If they have sent you the wrong item, you can claim a return or refund, in the same way, you can claim for a damaged or faulty item. E-commerce regulations make it that items must arrive as they are described online if they don’t then you have the right to claim for a return or refund.

Sometimes, the company will refuse to give you a refund, even when it is your right. Other times, companies might make the process very difficult or complicated, and making a refund takes so long it might not seem worth it. If either of these things happens to you, contact us today to ask for advice and help with claiming refunds or returns that you deserve.

Refunds for online purchases
Within 30 days of buying goods online, you have the right to a full refund if the item is faulty or damaged. Even if there is nothing wrong with the product you bought, then you have 14 days to tell the retailer you are going to return the item, and another 14 days to return it.

The first 14 days is known as your cooling-off period.

If it states in the retailers’ terms and conditions that you have longer to make a no-questions-asked return, then you will be given extra time.

These laws cover all purchases made with online, telephone and mail order, including ‘click and collect’ type orders. If you order something in store, and then opt to have it delivered to your address, this counts as a store purchase.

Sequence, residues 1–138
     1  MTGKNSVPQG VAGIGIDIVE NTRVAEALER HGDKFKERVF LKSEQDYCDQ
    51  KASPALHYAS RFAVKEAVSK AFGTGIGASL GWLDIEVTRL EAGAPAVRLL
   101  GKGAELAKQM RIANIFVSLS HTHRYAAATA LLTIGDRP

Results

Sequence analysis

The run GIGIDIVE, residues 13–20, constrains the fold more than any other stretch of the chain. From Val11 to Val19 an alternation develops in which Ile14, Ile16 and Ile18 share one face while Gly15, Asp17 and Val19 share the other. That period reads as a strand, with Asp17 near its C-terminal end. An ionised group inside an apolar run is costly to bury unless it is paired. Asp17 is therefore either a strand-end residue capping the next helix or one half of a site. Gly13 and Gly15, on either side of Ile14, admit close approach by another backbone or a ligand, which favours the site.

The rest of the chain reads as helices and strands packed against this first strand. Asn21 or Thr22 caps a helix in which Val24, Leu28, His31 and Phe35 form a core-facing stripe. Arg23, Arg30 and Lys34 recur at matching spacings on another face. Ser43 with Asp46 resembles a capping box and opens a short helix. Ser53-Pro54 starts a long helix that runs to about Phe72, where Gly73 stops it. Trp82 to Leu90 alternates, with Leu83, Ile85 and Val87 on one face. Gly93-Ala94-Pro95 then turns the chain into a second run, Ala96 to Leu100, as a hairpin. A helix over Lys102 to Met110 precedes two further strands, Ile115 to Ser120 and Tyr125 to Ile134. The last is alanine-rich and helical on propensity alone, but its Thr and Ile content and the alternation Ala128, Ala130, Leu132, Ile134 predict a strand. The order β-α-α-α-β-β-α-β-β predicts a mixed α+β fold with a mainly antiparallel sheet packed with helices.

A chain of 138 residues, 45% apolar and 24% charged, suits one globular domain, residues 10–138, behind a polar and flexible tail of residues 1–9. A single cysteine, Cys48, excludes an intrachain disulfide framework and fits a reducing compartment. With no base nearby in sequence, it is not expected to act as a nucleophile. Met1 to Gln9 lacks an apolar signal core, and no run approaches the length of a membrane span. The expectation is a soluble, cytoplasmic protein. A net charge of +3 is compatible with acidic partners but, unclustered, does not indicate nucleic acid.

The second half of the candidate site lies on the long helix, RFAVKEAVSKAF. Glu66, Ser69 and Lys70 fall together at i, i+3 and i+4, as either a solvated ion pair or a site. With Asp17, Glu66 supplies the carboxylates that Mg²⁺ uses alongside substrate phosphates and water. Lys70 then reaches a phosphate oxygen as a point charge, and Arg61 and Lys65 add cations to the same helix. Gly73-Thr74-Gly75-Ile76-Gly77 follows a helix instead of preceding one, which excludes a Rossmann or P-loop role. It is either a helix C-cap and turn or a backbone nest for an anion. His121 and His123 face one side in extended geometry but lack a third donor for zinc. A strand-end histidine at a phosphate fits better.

If you buy in-store, then you aren’t guaranteed the right to a refund. Most retailers will offer a ‘goodwill’ return and refund policy, but this is their choice to do so. E-commerce regulations give you stronger rights than in-store ones.

Sometimes, online retails make their online returns policy needlessly complicated. This can cause delays in returns, and confusion about consumer rights for online shopping. When this happens, shoppers who are within their rights for a return or a refund can be denied one – which is not right.

If you think that you have been wrongly unable to get a refund on something you bought online, please don’t hesitate to contact us for advice on how to move forward with this process.

How to claim for a late delivery
The Consumer Contract Regulations state that all deliveries which don’t have an agreed time of delivery must arrive within 30 days of you ordering. If a company fails to deliver within this time, you have certain rights. This is also the case if they fail to deliver within the agreed time.